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Let the people vote

House committee backs referendum on abortion, changing buggery law

BY BALFORD HENRY
Senior staff reporter
balfordh@jamaicaobserver.com

Wednesday, December 12, 2018

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A two-year-old parliamentary committee reviewing sexual offences legislation has recommended that buggery, abortion and other issues of “broad public divide” could be put to a referendum.

The committee felt that Parliament “as a whole” should consider the issues, rather than have them be the subject of the committee's recommendations.

The recommendations, while an obvious setback for gay rights and pro-choice supporters who had hoped for more affinity with their cause, could reignite interest in Prime Minister Andrew Holness's pre-election proposal for a super referendum to address the controversial issues.

The committee also refused to: increase the age of consent from 16 to 18; make incest gender neutral; decriminalise living on the earnings of prostitution; restrict judges' discretion in allowing evidence of sexual history; approve detention of children below the age of 12 in juvenile correctional centres or remove the special authority under which children under 12 can be detained in a juvenile correctional centre.

However, there were a number of recommendations which should bring solace to sections of the Jamaican community which have been pleading for the changes to the four pieces of legislation reviewed by the committee — the Sexual Offences Act, the Domestic Violence Act, the Offences Against the Person Act, and the Child Care and Protection Act — and avoid the temptation to reduce the 24-month-long ordeal as a waste of time.

Among the most important was the recommendation to delete section five of the Sexual Offences Act, which contends that rape could not occur within the context of a marriage, unless conditions set out in the provision were met.

“This was viewed as placing married women in a disadvantageous position, when compared to other women in relationships,” the report said.

Included among the changes recommended by the committee which covered two chairmen — former and current ministers of justice Mark Golding and Delroy Chuck — were for:

• Aggravated sentencing for the murder of pregnant women, as well as other vulnerable individuals including the elderly, people with disabilities and children;

• A new offence of “predatory sexual assault” in cases where a sexual assault victim is a child under the age of 12 or someone with a mental disorder;

• Prohibition of corporal punishment in all schools, public institutions for the care, instruction or guidance of children in the care of the State, and in all public places;

• Expand the court's ability to make a Parental Order to bind parents over for the good behaviour of a child, with a penalty of being sent to parental seminars;

• State or parents to be obligated to ensure children between the ages of four and 18 receive intellectual stimulation, either in school or through an appropriate form of educational instruction;

• Prohibit the employment of children in massage parlours, betting, gaming and lottery activities, and the promotion of parties and events outside of commercial sale within an establishment;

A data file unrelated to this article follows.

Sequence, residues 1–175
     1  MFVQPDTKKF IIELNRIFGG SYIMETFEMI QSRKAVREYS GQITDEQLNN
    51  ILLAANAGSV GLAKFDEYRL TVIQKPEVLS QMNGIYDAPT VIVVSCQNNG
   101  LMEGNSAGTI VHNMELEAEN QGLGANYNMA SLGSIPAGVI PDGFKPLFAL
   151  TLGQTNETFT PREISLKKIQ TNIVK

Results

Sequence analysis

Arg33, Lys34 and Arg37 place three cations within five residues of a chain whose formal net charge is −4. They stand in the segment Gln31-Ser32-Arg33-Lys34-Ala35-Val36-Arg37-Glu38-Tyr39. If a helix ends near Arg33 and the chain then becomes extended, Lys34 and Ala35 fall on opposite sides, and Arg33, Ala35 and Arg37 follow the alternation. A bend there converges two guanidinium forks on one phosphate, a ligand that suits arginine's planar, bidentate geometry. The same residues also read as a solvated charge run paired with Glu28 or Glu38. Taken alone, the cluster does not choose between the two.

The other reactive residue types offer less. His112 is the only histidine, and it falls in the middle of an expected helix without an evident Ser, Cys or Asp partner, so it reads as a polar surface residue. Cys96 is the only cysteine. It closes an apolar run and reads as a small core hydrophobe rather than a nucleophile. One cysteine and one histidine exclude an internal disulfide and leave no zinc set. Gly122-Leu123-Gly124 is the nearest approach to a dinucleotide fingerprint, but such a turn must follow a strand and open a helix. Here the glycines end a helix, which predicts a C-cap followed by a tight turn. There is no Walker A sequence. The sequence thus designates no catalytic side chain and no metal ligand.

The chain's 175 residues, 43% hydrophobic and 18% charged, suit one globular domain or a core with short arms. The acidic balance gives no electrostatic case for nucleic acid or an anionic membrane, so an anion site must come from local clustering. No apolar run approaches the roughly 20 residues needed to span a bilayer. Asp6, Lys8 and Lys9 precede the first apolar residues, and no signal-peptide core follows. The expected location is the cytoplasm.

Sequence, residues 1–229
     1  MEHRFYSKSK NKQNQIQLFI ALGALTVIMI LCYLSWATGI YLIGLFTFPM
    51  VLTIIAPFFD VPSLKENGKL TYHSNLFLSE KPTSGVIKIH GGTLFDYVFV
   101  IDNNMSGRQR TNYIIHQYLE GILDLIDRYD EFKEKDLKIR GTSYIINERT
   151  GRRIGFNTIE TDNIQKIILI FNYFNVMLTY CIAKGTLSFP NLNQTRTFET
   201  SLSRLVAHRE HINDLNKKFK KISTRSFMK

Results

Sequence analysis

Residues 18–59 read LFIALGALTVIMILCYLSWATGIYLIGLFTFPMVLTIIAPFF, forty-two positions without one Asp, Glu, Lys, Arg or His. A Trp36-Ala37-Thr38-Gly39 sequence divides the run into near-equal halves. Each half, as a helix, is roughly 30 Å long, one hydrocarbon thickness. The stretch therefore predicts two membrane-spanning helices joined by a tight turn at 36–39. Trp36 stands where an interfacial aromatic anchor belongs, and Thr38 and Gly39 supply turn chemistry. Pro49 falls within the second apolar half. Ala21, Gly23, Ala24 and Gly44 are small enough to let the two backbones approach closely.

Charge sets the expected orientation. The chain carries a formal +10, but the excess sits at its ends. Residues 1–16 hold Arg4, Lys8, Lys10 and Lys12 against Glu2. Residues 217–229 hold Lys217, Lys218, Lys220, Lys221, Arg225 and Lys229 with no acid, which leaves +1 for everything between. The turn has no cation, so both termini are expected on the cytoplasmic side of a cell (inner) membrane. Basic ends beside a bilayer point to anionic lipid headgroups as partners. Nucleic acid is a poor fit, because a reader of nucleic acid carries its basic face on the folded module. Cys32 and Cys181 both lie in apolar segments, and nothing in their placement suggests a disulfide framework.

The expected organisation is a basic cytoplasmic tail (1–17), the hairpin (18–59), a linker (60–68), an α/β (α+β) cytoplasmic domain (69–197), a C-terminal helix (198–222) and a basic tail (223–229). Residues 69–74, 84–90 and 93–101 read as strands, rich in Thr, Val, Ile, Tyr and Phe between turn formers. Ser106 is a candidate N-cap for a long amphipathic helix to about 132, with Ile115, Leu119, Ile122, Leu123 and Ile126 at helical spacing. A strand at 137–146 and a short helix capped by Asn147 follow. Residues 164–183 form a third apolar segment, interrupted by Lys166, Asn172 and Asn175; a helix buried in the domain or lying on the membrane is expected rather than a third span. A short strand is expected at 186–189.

• Foster care regulations be developed, including a foster parent system, standards and protocol for children in foster care; and

• Aggravated assault on vulnerable persons' cases to be expanded beyond females or a male child below the age of 14 to include all vulnerable persons.

The committee noted that among the issues which sparked intense debate over the 24 months were: the proposal to broaden the current definition of rape to include to include other forms of penetration; the issue of marital rape; the proposal to increase the age of consent to 18 and the issue of consensual sex between children under the age of 16; proposal for abortion in certain specified circumstances; and the proposal to align the penalty for forced anal penetration with that of forced vaginal penetration.

The committee said that it had extensive discussions on the need to recognise forced anal penetration as an offence, and to align the penalty with that of forced vaginal penetration of the anus of a male or female as serious and heinous as the offence of rape.

“We wanted to include a maximum penalty of life imprisonment for forced anal penetration, and sought to achieve this by recommending that non-consensual anal penetration be treated as an element of grievous sexual assault, with an expressed intent that this should not be construed as impliedly amending or repealing any provision in the Offences Against the Person Act, since this would be a different offence from buggery,” the committee reported.

“We were advised that taking this approach may not have the desired effect, because any attempt to amend the law, so as to recognise difference between consensual and forced anal penetration, could be interpreted as impliedly amending the buggery law, thereby creating the possibility that the provision could lose the protection under the Saving Laws Clause, and could therefore be open to challenge.

“The Lambert Watson case as well as a recent case in India where a similar approach was taken were used as examples to highlight this risk. We also learnt that amending the law in this manner would be incompatible with the current policy position of the Government that the provisions related to buggery be put to a referendum with other matters of broad public divide.

“A similar consideration arises in relation to any amendment of the existing law concerning abortion. Your committee considers that, rather than have this be the subject of a recommendation coming from the committee, it ought to be by Parliament as a whole,” the report stated.


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